Friday, November 14, 2008

Mike Shatzkin and StartwithXML

This morning, I attended the beginning of BISG's BISAC meeting, so that I could see Mike Shatzkin of the Idea Logical Company present selected results from his recent "StartwithXML" Survey. For more info, go here:, or if you're not sure what XML is, go to Tools of Change's "XML" explanation.

Also, learn more at the upcoming StartwithXML (Why and How) one-day forum. It will be held in the McGraw-Hill Auditorium on January 13, 2009. Details and registration here, and friends of Publishing Trends get an special discount for a limited time:

  • $100 off the full-day conference; register between 11/21 and 1/1/09; use code pubtrends
  • $50 off the half-day conference; register between 11/21 and 1/1; use code pubtrends_halfday
On to the preliminary survey results:
  • About 100 people completed the survey.
  • 54% of respondents were from all or partly trade publishers; 36% non-trade.
  • Most were from big houses. 77% were not IT professionals--Shatzkin pointed out that it was good to get a response from people who aren't directly involved with XML. BUT there was a light response from editorial (13%), marketing (7%), and sales (5%)--XML is still the purview of "the hard side of the publishing house."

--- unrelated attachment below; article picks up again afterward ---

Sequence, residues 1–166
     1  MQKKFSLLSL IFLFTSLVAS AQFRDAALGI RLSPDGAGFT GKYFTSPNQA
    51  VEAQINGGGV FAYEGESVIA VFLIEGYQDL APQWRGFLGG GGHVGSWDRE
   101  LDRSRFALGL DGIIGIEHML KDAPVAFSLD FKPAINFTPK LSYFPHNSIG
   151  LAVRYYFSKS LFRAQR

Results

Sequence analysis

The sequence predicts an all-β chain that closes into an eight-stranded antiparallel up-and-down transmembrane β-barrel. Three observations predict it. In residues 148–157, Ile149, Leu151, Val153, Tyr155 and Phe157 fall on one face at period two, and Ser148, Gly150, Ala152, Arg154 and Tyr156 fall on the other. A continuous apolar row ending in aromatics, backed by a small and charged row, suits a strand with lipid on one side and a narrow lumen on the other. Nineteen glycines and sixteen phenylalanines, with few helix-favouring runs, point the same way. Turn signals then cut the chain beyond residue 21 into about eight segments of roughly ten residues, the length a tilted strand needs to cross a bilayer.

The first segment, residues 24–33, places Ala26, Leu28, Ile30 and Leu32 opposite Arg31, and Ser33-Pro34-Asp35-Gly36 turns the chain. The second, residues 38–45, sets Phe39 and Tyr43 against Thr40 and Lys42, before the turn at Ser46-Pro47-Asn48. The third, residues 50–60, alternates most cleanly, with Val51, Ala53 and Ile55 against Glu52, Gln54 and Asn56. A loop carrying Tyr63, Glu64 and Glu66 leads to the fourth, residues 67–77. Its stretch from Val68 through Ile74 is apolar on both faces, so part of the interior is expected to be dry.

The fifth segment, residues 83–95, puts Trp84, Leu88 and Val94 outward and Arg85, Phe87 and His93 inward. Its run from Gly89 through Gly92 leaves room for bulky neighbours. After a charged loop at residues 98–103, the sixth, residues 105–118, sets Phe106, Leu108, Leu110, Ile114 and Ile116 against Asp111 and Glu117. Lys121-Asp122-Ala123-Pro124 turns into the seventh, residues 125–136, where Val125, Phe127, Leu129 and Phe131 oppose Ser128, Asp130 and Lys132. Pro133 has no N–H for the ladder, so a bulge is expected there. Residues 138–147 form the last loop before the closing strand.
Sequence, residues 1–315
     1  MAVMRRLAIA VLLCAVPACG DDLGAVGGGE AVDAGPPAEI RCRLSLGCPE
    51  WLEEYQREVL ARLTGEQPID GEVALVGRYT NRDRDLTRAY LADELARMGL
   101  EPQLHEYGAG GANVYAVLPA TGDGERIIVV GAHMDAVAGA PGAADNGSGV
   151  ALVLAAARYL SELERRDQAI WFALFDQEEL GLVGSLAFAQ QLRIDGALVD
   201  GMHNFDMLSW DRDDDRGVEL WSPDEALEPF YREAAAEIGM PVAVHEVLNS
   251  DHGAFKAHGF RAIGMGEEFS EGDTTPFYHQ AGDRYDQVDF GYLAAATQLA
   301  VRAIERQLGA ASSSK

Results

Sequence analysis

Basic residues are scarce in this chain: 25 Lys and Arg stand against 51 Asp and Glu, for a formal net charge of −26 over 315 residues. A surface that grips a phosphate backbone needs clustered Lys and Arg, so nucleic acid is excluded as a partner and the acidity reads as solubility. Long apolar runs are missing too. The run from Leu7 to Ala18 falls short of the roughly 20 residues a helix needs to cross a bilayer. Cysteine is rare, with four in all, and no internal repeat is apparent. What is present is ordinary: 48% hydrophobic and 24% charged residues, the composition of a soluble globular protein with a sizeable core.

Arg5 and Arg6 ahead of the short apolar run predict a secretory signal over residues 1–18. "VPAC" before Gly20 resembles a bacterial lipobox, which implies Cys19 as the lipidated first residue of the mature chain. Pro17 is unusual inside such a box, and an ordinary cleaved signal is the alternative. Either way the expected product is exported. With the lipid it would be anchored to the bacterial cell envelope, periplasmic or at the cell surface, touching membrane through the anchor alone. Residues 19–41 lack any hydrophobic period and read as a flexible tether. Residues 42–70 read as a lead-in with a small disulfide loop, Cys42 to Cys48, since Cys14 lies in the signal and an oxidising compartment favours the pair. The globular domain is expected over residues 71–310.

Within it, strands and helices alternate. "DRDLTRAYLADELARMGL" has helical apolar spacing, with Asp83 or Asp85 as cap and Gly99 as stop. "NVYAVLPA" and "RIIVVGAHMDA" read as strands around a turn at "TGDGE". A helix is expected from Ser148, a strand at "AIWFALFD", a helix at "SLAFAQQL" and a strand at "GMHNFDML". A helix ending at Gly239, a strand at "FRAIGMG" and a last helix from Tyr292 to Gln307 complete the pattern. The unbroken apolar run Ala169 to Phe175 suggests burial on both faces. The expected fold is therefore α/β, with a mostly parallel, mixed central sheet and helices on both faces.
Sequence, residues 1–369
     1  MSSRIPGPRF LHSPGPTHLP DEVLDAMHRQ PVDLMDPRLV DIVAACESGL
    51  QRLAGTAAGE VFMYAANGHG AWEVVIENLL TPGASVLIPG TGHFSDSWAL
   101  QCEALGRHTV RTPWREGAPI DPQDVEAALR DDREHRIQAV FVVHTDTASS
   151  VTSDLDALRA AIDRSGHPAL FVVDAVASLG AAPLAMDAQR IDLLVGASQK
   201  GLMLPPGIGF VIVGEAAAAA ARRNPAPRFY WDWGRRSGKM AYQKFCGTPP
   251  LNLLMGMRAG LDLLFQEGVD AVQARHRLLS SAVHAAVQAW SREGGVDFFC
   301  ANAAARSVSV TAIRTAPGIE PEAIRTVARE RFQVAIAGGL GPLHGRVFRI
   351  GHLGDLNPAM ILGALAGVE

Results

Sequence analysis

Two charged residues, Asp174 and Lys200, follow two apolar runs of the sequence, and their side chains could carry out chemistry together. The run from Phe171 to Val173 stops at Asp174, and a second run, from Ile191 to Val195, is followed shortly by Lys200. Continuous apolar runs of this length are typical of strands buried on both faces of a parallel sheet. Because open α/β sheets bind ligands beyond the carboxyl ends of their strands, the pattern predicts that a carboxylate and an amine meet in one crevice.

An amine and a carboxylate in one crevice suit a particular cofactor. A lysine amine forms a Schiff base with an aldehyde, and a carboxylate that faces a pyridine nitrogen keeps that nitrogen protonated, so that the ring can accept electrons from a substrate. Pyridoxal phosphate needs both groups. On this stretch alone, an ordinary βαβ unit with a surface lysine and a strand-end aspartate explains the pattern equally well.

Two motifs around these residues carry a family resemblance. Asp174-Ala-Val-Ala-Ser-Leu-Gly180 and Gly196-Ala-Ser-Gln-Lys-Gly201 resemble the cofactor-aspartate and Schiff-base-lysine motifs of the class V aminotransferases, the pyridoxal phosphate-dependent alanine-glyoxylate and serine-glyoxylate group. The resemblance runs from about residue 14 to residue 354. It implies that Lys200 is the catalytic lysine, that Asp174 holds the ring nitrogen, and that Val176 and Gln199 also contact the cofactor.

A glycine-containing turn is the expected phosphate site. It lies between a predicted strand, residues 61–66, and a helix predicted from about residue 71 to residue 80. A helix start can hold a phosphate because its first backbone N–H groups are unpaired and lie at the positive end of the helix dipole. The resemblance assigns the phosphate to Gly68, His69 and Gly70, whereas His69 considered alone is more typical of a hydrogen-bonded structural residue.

The survey supported the idea that publishers still aren't so sure about all this digital stuff:
  • In response to the statement, "Digital is very important and informs everything we do": 40% of NON-TRADE publishers agree, but only 18% of trade publishers agree.
  • 43% of trade publishers say they are "trying to understand" the importance of digital.
I learned the term "downstream re-use": use of a book's content beyond the print edition. When publishers acquire a book, are they thinking about using its content for something after that first print edition? Not really:
  • 19% of trade publishers say they ignore downstream use when they acquire a book, as compared to 9% of non-trade publishers.
  • 34% of trade publishers say they basically ignore chunking and re-combining opportunities--what Shatkin calls the "sexiest parts" of XML.
Shatzkin says that expanded editions of books are an untapped opportunity--only 8% of trade publishers are actively offering them, but they "should become automatic," and second printings of books should always have something in them that the first printing didn't have.

Since two-thirds of those surveyed agreed that digital is "important" or "very important," they might do well to attend the conference and learn more about XML.